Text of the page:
Mashape launched yesterday adding a new API player to the growing arena of API management sites and tools. As the Mashape Blog says "everyone and their dog's are building API's these days" and a number of companies have developed API management systems to cater to both public and private APIs.
API Growth (from ProgrammableWeb)
The ProgrammableWeb directory currently lists 6,697 APIs and has been growing exponentially - as shown in the diagram above by Phil Windley in his excellent Cloud OS paper.
The main players in this space are shown in the following table along with a high level indication of their product features.
API management features cover API publication, security, management and monetisation. Most of them cater for both public and private/enterprise APIs. The features which support these activities include:
- Directory - provides a searchable directory of APIs
- Collaboration - provides collaboration tools of the kind we're all familiar with from social media - likes, follows, comments, recommendations etc.
- Development tools - allowing potential consumers to "try" the API or seek support during development of their endpoint.
- Security - the ability for providers to manage consumer access and perform tasks like key management.
- Monitoring - the ability for providers to monitor the usage, activity, throughput, availability of their API.
- Management - the ability for providers to actively manage traffic on their APIs or to be able to scale according to traffic patterns.
- Analytics - analytic features beyond "on the spot" monitoring.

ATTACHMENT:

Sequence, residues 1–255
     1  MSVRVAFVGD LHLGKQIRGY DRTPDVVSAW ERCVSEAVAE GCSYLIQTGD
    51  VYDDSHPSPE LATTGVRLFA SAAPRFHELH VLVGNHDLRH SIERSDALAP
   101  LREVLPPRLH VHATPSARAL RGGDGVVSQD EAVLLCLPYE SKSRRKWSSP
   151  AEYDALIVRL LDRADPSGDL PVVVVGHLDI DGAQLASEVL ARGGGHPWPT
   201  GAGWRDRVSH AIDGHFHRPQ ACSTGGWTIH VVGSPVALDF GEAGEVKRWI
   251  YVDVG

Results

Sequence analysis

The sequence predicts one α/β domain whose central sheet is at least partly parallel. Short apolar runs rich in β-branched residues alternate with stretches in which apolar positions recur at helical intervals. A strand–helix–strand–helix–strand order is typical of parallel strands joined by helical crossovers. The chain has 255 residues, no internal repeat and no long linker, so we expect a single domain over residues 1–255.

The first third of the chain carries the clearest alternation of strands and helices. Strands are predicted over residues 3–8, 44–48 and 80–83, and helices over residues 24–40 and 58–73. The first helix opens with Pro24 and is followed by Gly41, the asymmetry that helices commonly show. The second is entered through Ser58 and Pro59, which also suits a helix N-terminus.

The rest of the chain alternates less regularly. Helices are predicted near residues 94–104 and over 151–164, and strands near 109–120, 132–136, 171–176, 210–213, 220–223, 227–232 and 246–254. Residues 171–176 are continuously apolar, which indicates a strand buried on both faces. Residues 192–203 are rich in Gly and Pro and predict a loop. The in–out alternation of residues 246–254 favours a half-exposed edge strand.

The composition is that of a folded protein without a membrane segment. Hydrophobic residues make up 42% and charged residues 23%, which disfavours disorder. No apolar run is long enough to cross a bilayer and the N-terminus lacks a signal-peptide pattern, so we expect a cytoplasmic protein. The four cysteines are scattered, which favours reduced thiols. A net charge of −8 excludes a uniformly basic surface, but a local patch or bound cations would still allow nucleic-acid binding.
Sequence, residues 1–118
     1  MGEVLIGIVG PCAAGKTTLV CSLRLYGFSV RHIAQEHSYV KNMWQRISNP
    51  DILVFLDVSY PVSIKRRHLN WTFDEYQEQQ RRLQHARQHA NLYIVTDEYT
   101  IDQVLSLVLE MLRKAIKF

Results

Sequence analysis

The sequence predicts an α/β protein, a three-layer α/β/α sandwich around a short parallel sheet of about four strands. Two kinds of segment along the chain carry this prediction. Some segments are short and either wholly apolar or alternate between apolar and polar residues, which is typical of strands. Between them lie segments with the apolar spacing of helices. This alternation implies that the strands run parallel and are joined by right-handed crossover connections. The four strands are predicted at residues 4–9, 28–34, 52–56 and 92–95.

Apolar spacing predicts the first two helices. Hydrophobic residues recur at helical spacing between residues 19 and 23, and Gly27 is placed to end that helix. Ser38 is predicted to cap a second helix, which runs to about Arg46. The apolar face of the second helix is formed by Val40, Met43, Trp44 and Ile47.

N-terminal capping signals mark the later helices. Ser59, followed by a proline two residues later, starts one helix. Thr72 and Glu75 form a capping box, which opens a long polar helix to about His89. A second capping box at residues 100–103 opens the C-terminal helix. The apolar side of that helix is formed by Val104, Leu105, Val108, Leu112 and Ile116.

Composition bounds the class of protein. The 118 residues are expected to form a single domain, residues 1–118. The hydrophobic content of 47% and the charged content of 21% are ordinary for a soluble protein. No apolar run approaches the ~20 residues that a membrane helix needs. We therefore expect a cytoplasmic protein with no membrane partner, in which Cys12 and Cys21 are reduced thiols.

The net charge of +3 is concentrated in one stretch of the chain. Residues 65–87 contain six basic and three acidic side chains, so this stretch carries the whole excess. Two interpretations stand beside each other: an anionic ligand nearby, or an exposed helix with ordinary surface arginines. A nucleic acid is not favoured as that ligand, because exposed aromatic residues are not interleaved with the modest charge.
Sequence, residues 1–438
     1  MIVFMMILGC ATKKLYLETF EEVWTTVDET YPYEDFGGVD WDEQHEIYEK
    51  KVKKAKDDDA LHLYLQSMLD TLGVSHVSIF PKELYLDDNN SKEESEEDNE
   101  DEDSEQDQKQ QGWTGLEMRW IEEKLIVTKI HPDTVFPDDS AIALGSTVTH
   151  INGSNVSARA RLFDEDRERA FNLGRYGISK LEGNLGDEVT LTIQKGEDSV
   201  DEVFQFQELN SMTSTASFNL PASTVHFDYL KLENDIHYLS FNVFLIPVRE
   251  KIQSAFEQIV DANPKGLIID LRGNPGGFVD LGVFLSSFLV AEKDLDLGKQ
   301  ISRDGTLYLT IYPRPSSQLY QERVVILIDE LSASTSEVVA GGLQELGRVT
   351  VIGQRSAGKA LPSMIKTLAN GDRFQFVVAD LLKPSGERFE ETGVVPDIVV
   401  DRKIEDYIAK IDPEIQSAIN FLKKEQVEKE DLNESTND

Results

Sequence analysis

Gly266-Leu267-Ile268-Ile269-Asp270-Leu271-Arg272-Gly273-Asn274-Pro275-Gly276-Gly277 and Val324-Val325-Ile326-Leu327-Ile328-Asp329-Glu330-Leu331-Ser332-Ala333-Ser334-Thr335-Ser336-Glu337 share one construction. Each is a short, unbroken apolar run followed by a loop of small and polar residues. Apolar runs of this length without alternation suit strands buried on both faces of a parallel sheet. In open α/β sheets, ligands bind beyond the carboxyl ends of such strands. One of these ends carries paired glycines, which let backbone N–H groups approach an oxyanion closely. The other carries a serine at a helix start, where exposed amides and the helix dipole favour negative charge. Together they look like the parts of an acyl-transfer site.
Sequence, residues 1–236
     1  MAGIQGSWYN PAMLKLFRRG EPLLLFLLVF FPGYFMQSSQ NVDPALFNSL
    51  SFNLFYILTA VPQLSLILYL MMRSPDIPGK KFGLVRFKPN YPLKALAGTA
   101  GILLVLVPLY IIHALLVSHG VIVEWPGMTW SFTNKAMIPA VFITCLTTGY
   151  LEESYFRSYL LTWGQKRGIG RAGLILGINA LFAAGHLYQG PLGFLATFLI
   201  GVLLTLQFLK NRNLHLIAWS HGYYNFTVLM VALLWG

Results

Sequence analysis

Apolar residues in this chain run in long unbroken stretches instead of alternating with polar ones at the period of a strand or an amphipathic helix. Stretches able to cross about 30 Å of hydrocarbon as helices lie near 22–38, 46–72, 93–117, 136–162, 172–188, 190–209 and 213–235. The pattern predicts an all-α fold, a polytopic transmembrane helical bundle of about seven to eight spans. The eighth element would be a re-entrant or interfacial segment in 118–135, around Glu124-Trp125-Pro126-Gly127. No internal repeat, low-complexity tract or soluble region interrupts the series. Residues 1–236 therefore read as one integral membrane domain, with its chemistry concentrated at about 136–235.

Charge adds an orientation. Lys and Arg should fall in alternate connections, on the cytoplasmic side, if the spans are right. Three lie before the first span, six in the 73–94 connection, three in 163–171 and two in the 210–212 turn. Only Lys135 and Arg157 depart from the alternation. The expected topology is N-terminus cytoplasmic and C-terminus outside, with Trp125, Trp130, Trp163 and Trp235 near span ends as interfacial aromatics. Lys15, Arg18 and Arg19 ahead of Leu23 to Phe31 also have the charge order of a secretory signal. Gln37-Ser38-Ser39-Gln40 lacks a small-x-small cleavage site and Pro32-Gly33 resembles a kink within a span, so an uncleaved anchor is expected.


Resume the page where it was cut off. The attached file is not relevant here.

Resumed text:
- Monetisation - the ability for providers to charge for access to their APIs and for consumers to pay for that access. The API magement platform acts as a financial intermediary in this respect.
- Cloud - provides a publicly available service (note that some of these may be hosted but provide access controls to make APIs essentially private).
- On-Premise - has an on-premise capability for enterprises who wish to manage their APIs privately and internally.
Some providers also support additional features such as mediation between REST and "legacy" SOAP APIs.
I'm very interested in the parallel evolution between these two ecosystems which ultimately have the same aim, but have executed in very different ways: the mostly enterprise SOAP web services ecosystem and the mostly public REST services ecosystem. In general, I see a convergence of approach and I think API management is a good example.
Web Service proxies flowered a few years ago but were rapidly snapped up by enterprise software companies for inclusion in their portfolios. Mostly they aimed at security and monitoring infrastructure with centralised policy management. Some enterprises use these, but I'm not sure the penetration has been very high. Web Service registeries for service discovery also had their brief taste of hype, but have died out rapidly - not for lack of need but in my opinion the heavy hand of UDDI was too much to bear and a poor match for the real requirements.
In the public API sphere we also have security, monitoring and management as strong concerns, but even more so is the ability to discover and use APIs in a growing and crowded marketplace. Hence the emphasis on directories and social media-type collaboration. Get developers engaged and enthused abut using your API. Here I think the public API ecosystem has something which could translate very well into the enterprise market which vendors like SOA Software and Apigee are addressing.
So, keep watching this space....APIs will be a significant driver for monetisation of the web and the ability to discover, use, secure, manage and charge for API usage is increasingly important not only outside the firewall, but inside as well.
If you too identify as unapologetically 'geeky', join our team as we seek to solve wicked problems within Complex Programs, Process Engineering, Integration, Cloud Platforms, DevOps & more!
Leave a comment on this blog: